Very early in the day, financial markets are playing a role in the general election due to take place within a year. They have sent a warning. If the winning party fails to reduce the level of government debt more sharply than is currently planned, then the cost of borrowing would rise. That means that either taxes would have to go up or government spending would have to be cut to pay the higher-interest bills.
The message comes from the global bond market where government debt is traded. Participants base their prices on comparisons between countries' financial standing. Always at the back of dealers' minds is the risk of default. The occasion was a statement by Standard & Poor's, one of the agencies that give credit ratings to borrowers of all kinds. It told investors yesterday that it had revised its outlook on the UK from stable to negative. This is a way of saying that it might reduce the country's current triple "A" ratings on its debt.
Hang on a minute, you might reasonably ask, aren't these credit-rating agencies the very ones that made innumerable mistakes in how they assessed mortgage loans during the wild days that preceded the credit crunch? Weren't they partly responsible for the financial crisis in which we now find ourselves? "Yes" and "yes" are the answers. Nonetheless, these agencies are still widely trusted when assessing the standing of big borrowers such as sovereign states.
Standard & Poor's had previously taken a close look at the UK accounts in January. It assumed then that the country's net debt burden could rise from about 49 per cent of national output in 2008 to 83 per cent in 2013. At the time it maintained our AAA rating without qualification. What it was really saying last January was that while the trend looked pretty horrific, we think you will be able to deal with the problem.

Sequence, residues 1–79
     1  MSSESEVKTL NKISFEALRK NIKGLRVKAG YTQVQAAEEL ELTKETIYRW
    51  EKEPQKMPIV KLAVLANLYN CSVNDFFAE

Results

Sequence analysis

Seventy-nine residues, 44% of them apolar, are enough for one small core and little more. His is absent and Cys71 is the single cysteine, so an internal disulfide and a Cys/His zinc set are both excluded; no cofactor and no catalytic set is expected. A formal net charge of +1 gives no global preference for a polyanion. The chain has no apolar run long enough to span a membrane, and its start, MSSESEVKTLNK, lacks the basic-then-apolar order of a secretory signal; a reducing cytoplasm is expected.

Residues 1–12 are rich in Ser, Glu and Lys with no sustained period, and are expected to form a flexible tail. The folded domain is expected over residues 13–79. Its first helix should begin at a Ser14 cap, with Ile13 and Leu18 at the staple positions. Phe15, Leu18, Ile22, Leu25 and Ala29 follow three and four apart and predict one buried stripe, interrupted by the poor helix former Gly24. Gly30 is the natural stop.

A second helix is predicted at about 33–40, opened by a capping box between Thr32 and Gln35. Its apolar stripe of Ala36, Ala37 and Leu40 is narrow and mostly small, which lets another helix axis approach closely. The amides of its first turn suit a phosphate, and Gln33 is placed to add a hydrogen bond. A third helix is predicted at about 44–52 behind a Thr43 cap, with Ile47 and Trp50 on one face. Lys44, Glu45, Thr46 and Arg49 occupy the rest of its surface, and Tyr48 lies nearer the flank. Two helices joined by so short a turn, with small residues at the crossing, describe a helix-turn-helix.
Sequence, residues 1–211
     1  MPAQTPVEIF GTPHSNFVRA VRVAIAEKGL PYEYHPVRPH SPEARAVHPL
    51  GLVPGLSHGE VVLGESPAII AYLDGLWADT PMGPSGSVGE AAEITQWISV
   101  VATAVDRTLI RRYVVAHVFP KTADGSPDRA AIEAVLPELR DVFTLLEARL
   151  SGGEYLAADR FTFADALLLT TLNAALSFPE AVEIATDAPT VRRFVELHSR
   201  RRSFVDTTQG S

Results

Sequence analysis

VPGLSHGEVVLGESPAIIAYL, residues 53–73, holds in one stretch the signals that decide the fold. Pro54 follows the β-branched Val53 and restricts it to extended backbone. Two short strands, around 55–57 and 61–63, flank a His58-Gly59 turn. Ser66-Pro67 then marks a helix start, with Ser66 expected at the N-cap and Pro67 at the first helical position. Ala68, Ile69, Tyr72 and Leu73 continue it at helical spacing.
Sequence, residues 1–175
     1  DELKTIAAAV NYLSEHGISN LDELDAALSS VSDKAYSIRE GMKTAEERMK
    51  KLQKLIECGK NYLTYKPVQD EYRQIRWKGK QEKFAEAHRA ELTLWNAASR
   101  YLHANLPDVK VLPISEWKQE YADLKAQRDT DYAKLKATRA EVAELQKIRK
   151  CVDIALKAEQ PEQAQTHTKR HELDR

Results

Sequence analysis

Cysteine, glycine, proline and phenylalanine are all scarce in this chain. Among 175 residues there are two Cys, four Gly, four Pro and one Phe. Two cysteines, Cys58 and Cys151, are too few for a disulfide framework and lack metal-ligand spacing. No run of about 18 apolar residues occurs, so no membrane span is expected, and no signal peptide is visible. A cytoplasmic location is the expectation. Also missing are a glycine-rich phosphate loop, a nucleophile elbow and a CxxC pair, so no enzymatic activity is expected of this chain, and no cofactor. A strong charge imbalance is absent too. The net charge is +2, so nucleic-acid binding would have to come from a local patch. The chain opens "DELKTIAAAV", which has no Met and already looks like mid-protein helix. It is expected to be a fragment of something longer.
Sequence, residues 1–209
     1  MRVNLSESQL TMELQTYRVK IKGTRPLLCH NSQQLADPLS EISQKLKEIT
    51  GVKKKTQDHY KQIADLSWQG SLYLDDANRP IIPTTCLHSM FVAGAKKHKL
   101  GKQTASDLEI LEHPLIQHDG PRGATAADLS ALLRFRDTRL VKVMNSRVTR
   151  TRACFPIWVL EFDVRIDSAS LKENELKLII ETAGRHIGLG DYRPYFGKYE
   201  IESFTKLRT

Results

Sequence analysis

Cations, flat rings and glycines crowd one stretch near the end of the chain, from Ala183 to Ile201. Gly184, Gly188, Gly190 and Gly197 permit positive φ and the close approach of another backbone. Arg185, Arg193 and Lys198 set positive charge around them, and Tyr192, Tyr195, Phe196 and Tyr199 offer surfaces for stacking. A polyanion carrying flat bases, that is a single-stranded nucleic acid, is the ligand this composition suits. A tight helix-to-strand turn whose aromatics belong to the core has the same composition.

Not any longer. Following Alastair Darling's Budget statement last month, Standard & Poor's is less confident. The cost of supporting the banking system has risen to a colossal £100-145 billion, or 7 per cent to 10 per cent of national output this year. So, looking out again to 2013, the agency sees the government debt burden reaching 100 per cent of national output and staying there. "A government debt burden of that level, if sustained, would in Standard & Poor's view, be incompatible with an AAA rating." The key phrase here is "if sustained".
Then comes the warning to the political parties. The meaning is clear enough despite the stilted nature of rating-agency speak: "The rating could be lowered if we conclude that, following the election, the next government's fiscal consolidation plans are unlikely to put the UK debt burden on a secure downward trajectory over the medium term. Conversely, the outlook could be revised back to stable if comprehensive measures are implemented to place the public finances on a sustainable footing, or if fiscal outturns are more benign that we currently anticipate."
This could easily become a sort of virility test for the political parties as they go into the election. Were Labour to maintain its current plans, then the opposition parties would be able to say that a rise in Britain's borrowing costs would be the inevitable result. The démarche from the financial markets would also have the effect of forcing the political parties to come clean about their spending and tax plans. Anything too vague would bring the charge that the party concerned was risking a downgrading of Britain's financial standing.
That was the most important reality check of the week, but there were two others from across the Atlantic. Two days ago, the American central bank lowered its outlook for this year and 2010, saying that the American economy would contract more sharply than it had originally projected in January. The final reality check came from the US housing market where on Tuesday we learnt that building activity has plunged to its lowest level on record.
In face of these negative developments stock markets have naturally retreated. Had it not been for the Standard & Poor's announcement, I was going to have written about the reappearance of bubbles in commodity markets, with oil up from $40 a barrel to over $60 in the space of a few weeks, and in stock markets with shares rising more than 20 per cent since March. But the actual news of the week has made the argument much better than I could have done.